- The defensive line group followed a similar pattern to the linebackers, which is interesting. The point about offensive linemen needing conditioning could be applied here. However, starting defensive linemen don’t usually play more than 75% or 80% of the snaps, and coaches like to rotate their players to keep them fresh. This is likely why there wasn’t a dramatic AGL increase in 2020 like there was for offensive linemen.
The final topic I want to cover was looking at AGL and run/pass splits. When teams run the ball, there is a lot more contact between players. Usually, every offensive player is blocking a defensive player, and there are more defenders around the ball ready to make a tackle. I hypothesized that teams who run the ball more could be susceptible to more injuries.
However, the data doesn’t fit with this idea. It seems that teams that pass the ball more suffer more injuries. This can also be misleading. Instead of thinking about running or passing first, it’s more important to think of injuries as the independent variable, and run/pass splits as the dependent variable.
- Teams who suffer injuries are less likely to win games. This means they will be playing from behind more often than not. As a result, they are probably going to pass the ball a majority of the time, which causes a higher pass rate.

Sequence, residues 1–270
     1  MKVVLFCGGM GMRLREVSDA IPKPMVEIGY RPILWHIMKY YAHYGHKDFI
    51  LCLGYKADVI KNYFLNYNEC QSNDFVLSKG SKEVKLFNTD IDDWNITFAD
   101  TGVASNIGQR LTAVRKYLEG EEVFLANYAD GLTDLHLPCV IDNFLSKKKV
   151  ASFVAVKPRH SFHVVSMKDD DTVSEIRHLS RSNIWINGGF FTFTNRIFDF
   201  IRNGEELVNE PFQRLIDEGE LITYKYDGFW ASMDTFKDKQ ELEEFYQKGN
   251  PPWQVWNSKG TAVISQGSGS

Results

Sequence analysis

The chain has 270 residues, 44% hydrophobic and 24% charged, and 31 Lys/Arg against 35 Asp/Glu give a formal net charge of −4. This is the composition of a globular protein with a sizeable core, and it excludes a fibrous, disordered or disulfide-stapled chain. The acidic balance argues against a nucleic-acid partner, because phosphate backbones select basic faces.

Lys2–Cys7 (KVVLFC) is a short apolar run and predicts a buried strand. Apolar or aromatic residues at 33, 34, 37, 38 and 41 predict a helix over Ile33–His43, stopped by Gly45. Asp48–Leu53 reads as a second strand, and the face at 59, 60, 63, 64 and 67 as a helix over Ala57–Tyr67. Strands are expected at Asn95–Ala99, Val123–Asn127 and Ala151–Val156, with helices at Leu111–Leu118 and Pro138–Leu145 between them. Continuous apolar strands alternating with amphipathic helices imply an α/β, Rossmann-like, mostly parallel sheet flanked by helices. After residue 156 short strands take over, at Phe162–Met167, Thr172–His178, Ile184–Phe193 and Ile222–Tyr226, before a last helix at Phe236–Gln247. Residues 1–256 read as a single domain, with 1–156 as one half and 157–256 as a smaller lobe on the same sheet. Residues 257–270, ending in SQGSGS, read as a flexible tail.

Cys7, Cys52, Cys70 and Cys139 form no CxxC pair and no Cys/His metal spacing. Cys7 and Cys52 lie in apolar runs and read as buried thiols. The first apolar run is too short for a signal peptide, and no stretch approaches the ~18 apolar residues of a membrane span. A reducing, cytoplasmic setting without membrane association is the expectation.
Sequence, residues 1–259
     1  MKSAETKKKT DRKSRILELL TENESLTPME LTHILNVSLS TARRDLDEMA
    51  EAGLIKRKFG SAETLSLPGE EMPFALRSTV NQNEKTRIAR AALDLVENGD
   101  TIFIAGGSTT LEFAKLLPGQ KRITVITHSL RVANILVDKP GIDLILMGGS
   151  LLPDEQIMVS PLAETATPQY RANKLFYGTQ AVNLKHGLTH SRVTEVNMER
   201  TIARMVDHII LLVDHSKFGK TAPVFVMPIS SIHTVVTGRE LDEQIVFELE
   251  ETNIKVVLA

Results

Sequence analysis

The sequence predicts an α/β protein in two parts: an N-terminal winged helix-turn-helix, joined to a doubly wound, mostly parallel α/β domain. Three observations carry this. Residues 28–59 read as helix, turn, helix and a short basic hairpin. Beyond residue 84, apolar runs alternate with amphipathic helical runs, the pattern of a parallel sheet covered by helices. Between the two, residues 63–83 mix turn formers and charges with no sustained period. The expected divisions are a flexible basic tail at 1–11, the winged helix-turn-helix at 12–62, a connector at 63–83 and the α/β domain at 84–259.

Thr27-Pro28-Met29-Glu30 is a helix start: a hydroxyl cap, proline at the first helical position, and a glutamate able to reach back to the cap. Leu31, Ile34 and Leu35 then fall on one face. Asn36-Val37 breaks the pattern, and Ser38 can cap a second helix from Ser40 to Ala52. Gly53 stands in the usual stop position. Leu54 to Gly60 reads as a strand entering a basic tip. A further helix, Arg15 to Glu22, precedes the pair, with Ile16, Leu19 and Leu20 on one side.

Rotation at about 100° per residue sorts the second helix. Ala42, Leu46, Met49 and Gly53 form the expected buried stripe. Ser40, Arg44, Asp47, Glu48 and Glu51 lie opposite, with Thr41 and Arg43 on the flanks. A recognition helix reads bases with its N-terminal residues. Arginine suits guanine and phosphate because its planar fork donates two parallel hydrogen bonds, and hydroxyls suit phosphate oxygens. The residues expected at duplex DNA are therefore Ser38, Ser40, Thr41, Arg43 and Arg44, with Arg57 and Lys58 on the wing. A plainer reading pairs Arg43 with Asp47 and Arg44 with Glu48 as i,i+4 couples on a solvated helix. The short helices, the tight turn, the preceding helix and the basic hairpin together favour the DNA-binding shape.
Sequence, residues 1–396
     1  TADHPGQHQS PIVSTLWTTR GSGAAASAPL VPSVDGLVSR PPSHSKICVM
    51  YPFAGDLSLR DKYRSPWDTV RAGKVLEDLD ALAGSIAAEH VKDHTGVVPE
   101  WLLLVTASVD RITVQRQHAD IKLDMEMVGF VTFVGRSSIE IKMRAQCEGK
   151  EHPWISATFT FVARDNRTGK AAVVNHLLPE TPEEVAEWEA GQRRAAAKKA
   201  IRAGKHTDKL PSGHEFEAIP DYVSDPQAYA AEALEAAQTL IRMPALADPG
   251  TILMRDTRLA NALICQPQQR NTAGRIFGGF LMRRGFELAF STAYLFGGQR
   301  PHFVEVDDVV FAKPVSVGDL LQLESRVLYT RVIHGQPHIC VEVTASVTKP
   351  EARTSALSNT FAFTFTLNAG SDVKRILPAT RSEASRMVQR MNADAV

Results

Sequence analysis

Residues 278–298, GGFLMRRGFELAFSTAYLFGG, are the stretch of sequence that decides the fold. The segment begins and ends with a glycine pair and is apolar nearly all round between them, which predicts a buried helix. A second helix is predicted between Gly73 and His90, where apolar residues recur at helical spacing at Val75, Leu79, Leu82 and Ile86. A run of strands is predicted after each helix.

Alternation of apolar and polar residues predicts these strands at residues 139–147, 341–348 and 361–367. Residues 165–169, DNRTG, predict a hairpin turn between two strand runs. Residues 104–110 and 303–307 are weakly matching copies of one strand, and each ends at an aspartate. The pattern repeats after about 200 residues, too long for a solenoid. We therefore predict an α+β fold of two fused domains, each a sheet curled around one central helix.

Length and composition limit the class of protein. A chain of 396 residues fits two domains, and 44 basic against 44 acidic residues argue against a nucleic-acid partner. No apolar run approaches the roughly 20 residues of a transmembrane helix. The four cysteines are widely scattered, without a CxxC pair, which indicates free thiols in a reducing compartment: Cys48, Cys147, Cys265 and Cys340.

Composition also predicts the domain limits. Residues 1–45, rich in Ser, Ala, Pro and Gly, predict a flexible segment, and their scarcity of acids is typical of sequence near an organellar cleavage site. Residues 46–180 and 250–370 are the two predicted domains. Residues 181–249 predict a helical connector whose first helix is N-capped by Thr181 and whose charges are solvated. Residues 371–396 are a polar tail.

- Additionally, teams that are playing from behind play with more pace and tempo than teams that are winning. This puts a lot of stress on the strength and conditioning of the offensive players as they try to score as quickly as possible to get back into the game. On the other hand, teams that are winning like to slow the pace down and eat up clock, which allows them to rest a little bit more on average in the huddle.
Finally, here is a look at the mean Total AGL for every team dating back to 2006.
The most healthy offenses of the past decade have been the Falcons, Saints, Titans, Cowboys, and Ravens. The most injured offenses of the past decade have been Washington, the Colts, Patriots, Giants, and Chargers.
On the other side of the ball, the Colts, Browns, Giants, Washington, and Bears have been among the most injured defensive teams. The Titans, Steelers, Vikings, Eagles, and Rams have been the most healthy since 2006.
That will wrap up this article. I hope it gave everyone some insight into some of the data and trends regarding positional AGL and how it relates to offensive and defensive success.
Arjun Menon is a sophomore at the University of Michigan. He is a lifelong Chargers fan and has gotten into football analytics in the last two years. Arjun can be followed @arjunmenon100 on Twitter.